Getting our ESOS ‘ducks in a circle’ and moving to second order energy efficiency
ESOS is coming around again (yes, 4 years are up on 5 December 2019) and unless your organisation has not met the qualification criteria for two consecutive periods you will be required to comply again.
That is likely to mean more energy audits and repeating the same compliance activity, just like four years ago. But are you really getting value for the cash you are spending to comply?
The recent BEIS evaluation of ESOS showed that very few businesses have implemented their energy saving recommendations. This suggests that a lot of companies are not getting a return on investment from ESOS.
Anecdotally, many of the energy managers we’ve spoken with say they were disappointed with the outcomes of a ‘compliance only’ approach to phase 1.We think that this is a huge missed opportunity. We'll be discussing this and how to get the most out of phase 2of ESOS in our complimentary webinar on the 4 July.
ESOS has the potential to deliver good value for a business, both in terms of energy savings and in strategic planning for the future. But to achieve this we need to start thinking differently on two levels.
Level 1 – Technology moves on
- We can expect technology to advance more rapidly. Four years ago, we weren’t seriously considering fleet electrification, demand side management, smart technology, block chain or the internet of things and artificial intelligence for energy management. Phase 3 of ESOS may well see these being business as usual or even old hat!
- New technology that wasn’t cost effective last time may well be cost effective now; the classic example is LED lighting, the cost was astronomical and the business case was tenuous. That, however is no longer the case. Investing in LEDs can now deliver paybacks of sub 2 years depending on the route taken. Similarly, heat pump technologies are becoming more widespread, and demand side management and battery storage are terms that are increasingly familiar.
- So, measures disregarded 4 years ago should be reconsidered.
Level 2 – Second order energy efficiency
The second point is about the type of audits that can be undertaken. The regulations say the following:
“The energy audit must, so far as reasonably practicable:
- analyse your organisation’s energy consumption and energy efficiency
- identify any way in which you can improve your organisation’s energy efficiency
- recommend practical and cost-effective energy saving measures for your organisation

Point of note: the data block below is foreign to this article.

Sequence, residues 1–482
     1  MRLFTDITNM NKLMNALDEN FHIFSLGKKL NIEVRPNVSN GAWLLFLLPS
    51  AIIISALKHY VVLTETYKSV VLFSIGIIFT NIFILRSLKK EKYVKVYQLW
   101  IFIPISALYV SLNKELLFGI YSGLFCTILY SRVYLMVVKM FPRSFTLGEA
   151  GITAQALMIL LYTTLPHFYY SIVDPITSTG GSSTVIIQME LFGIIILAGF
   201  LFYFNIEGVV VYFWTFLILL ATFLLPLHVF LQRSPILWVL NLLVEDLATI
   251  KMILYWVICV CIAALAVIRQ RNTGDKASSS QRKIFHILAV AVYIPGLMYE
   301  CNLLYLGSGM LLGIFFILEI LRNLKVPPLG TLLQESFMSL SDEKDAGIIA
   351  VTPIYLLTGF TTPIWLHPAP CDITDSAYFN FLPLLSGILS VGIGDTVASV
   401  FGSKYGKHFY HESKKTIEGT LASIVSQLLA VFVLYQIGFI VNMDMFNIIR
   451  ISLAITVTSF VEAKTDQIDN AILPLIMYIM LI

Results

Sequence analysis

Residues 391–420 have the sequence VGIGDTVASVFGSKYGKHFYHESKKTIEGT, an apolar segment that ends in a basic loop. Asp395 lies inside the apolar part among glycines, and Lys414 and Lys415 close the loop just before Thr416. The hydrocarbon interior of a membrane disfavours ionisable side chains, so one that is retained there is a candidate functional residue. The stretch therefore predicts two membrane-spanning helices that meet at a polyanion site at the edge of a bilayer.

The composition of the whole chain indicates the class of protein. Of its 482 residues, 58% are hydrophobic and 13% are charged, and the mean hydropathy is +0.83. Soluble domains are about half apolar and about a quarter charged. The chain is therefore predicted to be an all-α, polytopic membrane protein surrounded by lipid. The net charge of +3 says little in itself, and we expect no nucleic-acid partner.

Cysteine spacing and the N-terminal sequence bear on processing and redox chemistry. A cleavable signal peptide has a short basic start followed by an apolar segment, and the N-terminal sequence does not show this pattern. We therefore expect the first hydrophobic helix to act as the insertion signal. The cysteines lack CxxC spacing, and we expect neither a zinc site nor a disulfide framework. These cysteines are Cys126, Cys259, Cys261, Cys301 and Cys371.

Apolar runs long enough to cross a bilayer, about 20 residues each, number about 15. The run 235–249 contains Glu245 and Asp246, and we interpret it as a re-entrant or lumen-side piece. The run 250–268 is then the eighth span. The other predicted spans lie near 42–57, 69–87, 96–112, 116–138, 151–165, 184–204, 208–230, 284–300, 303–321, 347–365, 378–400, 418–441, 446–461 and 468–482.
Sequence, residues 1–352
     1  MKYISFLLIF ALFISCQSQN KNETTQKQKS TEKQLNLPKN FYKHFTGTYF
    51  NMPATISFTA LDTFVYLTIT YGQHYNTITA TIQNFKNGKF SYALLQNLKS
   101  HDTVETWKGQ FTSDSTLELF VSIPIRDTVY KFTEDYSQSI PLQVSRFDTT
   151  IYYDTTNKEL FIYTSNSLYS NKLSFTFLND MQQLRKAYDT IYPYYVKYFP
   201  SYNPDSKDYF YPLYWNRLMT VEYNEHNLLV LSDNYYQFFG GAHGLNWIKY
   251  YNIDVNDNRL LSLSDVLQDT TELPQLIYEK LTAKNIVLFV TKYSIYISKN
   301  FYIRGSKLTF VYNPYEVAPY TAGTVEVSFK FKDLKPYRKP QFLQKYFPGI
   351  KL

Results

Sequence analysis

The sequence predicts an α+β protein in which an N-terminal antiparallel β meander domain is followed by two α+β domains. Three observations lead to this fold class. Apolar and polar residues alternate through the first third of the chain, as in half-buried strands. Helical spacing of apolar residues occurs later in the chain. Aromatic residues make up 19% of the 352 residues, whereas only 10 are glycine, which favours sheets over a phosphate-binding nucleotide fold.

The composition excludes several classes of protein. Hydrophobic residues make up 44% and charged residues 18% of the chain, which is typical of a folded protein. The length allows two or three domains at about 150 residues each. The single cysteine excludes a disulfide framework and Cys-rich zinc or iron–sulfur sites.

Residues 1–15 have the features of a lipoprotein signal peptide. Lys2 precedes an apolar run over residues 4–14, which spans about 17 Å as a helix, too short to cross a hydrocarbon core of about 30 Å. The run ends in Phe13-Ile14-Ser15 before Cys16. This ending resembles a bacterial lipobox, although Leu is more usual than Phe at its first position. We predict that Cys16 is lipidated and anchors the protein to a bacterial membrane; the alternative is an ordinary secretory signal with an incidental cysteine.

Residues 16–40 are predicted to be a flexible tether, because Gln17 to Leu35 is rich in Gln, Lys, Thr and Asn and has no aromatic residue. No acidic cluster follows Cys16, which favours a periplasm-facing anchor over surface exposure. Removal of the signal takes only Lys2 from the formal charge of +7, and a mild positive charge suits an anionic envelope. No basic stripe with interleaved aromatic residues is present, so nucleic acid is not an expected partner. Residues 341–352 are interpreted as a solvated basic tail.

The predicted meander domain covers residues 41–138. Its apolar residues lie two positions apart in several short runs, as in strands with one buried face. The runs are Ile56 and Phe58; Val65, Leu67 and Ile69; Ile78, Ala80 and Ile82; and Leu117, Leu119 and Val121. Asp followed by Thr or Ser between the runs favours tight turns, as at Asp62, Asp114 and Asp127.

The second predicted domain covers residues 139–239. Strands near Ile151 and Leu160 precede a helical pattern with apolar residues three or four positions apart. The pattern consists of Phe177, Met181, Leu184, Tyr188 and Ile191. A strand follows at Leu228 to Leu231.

- identify the estimated costs and benefits of any energy saving opportunity.”
So, let’s think about what you can do that meet those criteria in way that doesn’t just offer you the same output as the previous cycle.
You need to look for ways in which you can improve energy efficiency; you may have already covered all the traditional ways to do this and so there is unlikely to be any value through the “standard lighting replacement” recommendations if those measures have already been captured and done.
So, let’s dig a bit deeper. On the back of the evolving changes in the energy supply market, and the introduction of new technologies, we are increasingly seeing the need for a joined up approach, to consider site wide or building wide strategies that cover all the services and which look at the supply and energy generation demands at the same time. As well as covering energy efficiency to capture those last few no or low-cost measures we recommend interlinking energy supply and demand, allowing for optimum overall efficiency to be achieved.
Looking at it another way, in the past measures were identified in a ‘siloed’ manner (upgrade the lighting, improve the lighting controls etc.) and X number of savings were attributed to each; where they overlapped, the savings available would be reduced to ‘avoid duplication’. Upstream and downstream opportunities and impacts were not always considered and energy was still being lost ‘in the system’.
Now however we are looking at a higher level, in the round; it is the sum of the total that provides us with the savings, looking at energy flows, optimising the supply, matching with the demand and recirculating wherever possible.
We are working with customers thinking about site wide management for supply and demand. Considering security of supply and management of demand balancing, or as we call it second order efficiency.
Figure 1: Looking at energy flows, optimising the supply, matching with the demand and recirculating wherever possible; what we call second order efficieny
Our work with customers, through ESOS and other support is focused on bringing that efficiency both in design and in operation.
To discuss how your business can achieve second order energy efficiency and get the most from the next round of ESOS contact our sustainable business team or join us on the 4 July for our upcoming webinar, 'Doing ESOS better: getting more value from phase 2'